And we think that's holding them back. We think that if you have your engineers trying to also handle customer support or your product managers also trying to tackle customer support, they're distracted. And I think distractions are the number one thing that is disruptive to these like highly creative, highly leveraged roles. I think it was Paul Graham who wrote the Oblon really famous blog posts about the type, the idea of a maker's schedule and a manager's schedule. And the idea is that managers really do well when they're given a bunch of small, tiny tasks where they need to switch their brain from one task to the next almost a hundred percent, whereas people in the maker category call it, I don't know doctors, lawyers, writers the book of professional roles do well when they're able to think for hours on end, without anyone breaking their focus.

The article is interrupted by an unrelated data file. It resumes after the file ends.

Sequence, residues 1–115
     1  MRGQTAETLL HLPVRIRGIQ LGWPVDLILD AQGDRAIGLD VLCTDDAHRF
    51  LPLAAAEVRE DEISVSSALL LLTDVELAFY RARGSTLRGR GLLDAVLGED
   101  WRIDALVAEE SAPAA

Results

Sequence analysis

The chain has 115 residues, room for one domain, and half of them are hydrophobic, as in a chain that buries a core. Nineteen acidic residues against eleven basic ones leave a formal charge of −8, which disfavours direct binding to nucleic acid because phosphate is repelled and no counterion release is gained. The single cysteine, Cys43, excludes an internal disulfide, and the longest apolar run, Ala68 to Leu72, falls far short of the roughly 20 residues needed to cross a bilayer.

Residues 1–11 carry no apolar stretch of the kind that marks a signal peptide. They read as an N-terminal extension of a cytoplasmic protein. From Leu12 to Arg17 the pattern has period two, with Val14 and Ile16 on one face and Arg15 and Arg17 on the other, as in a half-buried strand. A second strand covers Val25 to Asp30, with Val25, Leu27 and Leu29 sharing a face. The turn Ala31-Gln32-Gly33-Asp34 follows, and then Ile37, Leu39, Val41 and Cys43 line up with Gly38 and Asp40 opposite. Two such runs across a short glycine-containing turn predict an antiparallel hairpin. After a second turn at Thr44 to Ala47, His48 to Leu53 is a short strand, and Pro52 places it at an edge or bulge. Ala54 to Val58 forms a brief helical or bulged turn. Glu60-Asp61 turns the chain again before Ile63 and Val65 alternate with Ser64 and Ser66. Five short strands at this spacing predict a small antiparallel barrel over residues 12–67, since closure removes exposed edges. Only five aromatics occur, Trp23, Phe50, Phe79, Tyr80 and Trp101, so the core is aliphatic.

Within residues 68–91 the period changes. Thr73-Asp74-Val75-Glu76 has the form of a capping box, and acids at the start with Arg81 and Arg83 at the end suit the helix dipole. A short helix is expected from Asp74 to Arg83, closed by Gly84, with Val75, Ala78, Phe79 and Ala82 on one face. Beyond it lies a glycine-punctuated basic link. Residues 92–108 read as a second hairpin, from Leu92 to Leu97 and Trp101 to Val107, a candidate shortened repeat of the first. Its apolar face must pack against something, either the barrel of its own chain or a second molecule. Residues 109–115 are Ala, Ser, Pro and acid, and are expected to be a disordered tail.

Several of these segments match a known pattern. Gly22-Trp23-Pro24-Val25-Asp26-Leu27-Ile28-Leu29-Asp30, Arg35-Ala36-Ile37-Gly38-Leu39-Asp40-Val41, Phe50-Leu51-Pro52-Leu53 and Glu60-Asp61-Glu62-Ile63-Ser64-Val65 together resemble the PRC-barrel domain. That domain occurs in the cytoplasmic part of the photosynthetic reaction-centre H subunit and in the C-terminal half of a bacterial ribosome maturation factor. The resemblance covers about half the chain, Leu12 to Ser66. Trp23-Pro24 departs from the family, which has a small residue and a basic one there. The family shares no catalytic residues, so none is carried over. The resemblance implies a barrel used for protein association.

Speaker 2 (05:11):
And I think that's the value of, if you want high leverage engineers, you need to give them the space to do so. And you want highly leveraged product managers. I imagine it's the same thing in Silicon Valley. This is idea of like a five X, 10 X engineer. And I think many engineers can get there as in, they can produce the work of five to 10 other engineers that they should have the right environment. And we think that a lot of times these startups can be the right environment, but sometimes they're holding themselves back through this weird distribution of labor.
Speaker 1 (05:40):